Poems by Jean Ingelow, In Two Volumes, Volume II. eBook

This eBook from the Gutenberg Project consists of approximately 280 pages of information about Poems by Jean Ingelow, In Two Volumes, Volume II..

THOU THAT SLEEPEST NOT AFRAID.

Awake, thou that sleepest, and arise from the dead, and Christ shall give thee light.”

Thou that sleepest not afraid,
Men and angels thee upbraid;
Rise, cry, cry to God aloud,
Ere the swift hours weave thy shroud: 
    O, for Jesus’ sake,
        Wake!

Thee full ill doth it beseem
Through the dark to drowse and dream;
In the dead-time of the night
Here is One can give thee light: 
    O, for Jesus’ sake,
        Wake!

The year passeth—­it and all
God shall take and shall let fall
Soon, into the whelming sea
Of His wide eternity: 
    O, for Jesus’ sake,
        Wake!

Noiseless as the flakes of snow
The last moments falter and go;
The time-angel sent this way
Sweeps them like a drift away: 
    O, for Jesus’ sake,
        Wake!

Loved and watch’d of heaven, for whom
The crowned Saviour there makes room,
Sleeper, hark!  He calls thee, rise,
Lift thy head, and raise thine eyes! 
    Now, for Jesus’ sake,
        Wake!

NOW WINTER PAST, THE WHITE-THORN BOWER.

Thy gentleness hath made me great.”

Now winter past, the white-thorn bower
  Breaks forth and buds down all the glen;
Now spreads the leaf and grows the flower: 
  So grows the life of God, in men.

Oh, my child-God, most gentle King,
  To me Thy waxing glory show;
Wake in my heart as wakes the spring,
  Grow as the leaf and lily grow.

I was a child, when Thou a child
  Didst make Thyself again to me;
And holy, harmless, undefiled,
  Play’d at Thy mother Mary’s knee.

Thou gav’st Thy pure example so,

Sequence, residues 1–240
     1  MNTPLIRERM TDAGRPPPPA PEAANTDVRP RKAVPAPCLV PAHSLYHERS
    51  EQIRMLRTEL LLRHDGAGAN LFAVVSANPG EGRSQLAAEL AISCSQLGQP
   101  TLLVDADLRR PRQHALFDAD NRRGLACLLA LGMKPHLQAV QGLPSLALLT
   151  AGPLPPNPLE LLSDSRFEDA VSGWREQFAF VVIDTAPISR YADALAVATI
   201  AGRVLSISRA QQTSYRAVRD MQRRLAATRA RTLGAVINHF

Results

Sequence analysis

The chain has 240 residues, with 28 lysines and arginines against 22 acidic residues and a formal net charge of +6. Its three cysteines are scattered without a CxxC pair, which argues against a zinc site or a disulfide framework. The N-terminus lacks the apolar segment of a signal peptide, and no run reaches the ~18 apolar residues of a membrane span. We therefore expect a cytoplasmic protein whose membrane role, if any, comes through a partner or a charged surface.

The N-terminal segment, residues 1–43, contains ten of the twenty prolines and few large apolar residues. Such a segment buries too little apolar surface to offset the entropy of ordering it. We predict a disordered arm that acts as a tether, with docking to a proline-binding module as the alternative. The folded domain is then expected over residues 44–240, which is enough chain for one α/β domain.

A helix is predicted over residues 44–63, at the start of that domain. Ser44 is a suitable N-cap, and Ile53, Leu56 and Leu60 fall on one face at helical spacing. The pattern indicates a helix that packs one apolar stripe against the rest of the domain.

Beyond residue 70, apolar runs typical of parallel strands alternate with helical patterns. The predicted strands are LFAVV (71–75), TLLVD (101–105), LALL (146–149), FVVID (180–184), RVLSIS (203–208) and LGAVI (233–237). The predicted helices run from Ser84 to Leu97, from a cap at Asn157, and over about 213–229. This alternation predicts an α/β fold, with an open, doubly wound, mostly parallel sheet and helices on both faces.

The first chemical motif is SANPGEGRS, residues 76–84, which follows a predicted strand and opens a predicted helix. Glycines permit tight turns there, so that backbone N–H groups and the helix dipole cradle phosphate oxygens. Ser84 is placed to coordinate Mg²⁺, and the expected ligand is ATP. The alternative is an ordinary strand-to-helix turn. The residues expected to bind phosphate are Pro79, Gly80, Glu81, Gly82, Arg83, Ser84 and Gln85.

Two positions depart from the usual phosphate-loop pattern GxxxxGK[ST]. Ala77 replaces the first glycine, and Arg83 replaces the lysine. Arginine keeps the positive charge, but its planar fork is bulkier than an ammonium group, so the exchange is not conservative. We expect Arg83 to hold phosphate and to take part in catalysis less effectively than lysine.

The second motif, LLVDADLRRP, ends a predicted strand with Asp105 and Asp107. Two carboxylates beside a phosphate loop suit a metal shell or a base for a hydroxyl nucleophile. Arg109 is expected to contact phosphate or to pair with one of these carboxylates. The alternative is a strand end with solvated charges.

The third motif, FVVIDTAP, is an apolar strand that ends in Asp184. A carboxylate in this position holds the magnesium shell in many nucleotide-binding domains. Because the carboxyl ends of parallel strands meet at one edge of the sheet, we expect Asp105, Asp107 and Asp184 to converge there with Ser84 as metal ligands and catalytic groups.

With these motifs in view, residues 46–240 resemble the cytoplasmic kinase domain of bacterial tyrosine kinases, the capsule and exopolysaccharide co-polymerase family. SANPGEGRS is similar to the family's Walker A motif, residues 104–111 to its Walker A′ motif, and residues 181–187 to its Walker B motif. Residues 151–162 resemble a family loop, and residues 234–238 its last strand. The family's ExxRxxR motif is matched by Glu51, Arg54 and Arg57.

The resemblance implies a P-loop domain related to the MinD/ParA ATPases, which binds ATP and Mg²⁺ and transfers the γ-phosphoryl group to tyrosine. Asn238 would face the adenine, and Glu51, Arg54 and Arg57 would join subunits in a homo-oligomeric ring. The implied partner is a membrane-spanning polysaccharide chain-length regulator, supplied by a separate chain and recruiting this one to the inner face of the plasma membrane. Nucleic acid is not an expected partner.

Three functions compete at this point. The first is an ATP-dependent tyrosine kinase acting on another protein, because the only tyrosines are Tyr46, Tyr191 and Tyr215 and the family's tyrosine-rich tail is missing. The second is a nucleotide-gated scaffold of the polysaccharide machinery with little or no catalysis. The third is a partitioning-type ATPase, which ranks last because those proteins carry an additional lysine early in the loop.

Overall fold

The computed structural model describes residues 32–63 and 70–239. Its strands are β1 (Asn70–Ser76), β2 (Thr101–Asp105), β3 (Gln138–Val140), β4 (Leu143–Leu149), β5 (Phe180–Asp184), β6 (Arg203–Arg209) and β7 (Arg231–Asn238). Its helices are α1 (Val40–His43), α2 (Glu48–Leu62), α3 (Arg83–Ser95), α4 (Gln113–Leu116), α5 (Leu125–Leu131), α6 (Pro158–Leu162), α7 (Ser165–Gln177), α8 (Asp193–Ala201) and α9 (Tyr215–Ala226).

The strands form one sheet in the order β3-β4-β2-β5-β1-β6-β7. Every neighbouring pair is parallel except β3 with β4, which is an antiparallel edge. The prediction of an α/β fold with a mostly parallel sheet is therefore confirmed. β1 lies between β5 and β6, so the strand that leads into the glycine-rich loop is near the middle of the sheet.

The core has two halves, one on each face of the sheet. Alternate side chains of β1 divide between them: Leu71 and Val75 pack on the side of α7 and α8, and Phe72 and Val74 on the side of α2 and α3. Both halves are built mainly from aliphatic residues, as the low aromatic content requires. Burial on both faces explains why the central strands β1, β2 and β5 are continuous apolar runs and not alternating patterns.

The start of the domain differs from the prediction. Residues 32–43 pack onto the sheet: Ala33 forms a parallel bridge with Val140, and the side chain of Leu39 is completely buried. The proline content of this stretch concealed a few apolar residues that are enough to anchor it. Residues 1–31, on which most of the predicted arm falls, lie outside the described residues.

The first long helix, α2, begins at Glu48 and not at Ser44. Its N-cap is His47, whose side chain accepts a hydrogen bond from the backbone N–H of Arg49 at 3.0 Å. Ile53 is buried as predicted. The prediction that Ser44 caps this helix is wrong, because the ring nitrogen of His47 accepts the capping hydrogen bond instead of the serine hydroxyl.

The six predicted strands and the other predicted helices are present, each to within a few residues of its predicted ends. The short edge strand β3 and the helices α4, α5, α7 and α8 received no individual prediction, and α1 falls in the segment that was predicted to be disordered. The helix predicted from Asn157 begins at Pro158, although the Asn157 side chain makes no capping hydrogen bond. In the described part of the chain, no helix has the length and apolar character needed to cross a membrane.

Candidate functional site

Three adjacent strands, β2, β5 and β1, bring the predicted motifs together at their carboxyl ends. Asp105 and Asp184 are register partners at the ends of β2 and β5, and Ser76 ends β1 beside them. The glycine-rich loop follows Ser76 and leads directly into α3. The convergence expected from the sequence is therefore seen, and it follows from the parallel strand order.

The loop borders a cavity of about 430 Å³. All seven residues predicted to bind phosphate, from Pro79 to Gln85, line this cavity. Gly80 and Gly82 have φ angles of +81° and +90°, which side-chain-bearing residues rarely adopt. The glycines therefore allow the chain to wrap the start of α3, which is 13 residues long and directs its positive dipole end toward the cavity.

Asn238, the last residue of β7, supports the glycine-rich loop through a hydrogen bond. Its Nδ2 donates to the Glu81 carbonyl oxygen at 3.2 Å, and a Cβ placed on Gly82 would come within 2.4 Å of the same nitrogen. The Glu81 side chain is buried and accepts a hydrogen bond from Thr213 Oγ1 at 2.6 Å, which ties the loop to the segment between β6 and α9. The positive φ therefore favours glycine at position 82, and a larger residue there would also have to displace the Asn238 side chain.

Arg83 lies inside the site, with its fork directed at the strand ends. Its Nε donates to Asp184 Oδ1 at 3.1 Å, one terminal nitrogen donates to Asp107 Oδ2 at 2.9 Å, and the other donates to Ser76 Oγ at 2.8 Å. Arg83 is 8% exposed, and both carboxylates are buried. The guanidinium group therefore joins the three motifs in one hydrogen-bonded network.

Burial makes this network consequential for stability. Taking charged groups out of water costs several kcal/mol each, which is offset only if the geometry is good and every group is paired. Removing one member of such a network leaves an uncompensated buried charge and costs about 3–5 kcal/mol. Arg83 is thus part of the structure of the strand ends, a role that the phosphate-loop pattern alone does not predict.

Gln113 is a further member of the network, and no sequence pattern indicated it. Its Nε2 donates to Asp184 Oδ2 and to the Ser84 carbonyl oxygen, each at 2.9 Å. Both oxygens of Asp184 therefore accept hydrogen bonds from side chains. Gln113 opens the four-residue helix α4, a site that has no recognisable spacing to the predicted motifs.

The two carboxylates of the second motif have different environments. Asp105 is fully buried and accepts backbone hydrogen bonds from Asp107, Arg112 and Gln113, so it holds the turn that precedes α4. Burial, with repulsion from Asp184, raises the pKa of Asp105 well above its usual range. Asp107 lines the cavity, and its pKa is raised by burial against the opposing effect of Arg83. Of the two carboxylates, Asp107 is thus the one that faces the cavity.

The copy in my childish breast
Was a child’s copy.  I did know
  God, made in childhood manifest.

Now I am grown, and Thou art grown
  The God-man, strong to love, to will,
Who was alone, yet not alone,
  Held in His Father’s presence still.

Now do I know Thee for my cure,
  My peace, the Absolver for me set;
Thy goings pass through deeps obscure,
  But Thou with me art gentle yet.

Long-suffering Lord, to man reveal’d
  As One that e’en the child doth wait,
Thy full salvation is my shield,
  Thy gentleness hath made me great.

SUCH AS HAVE NOT GOLD TO BRING THEE.

Ye also, as lively stones, are built up a spiritual house.”

Such as have not gold to bring Thee,
  They bring thanks—­Thy grateful sons;
Such as have no song to sing Thee,
  Live Thee praise—­Thy silent ones.

Such as have their unknown dwelling,
  Secret from Thy children here,
Known of Thee, will Thee be telling
  How Thy ways with them are dear.

Copyrights
Project Gutenberg
Poems by Jean Ingelow, In Two Volumes, Volume II. from Project Gutenberg. Public domain.
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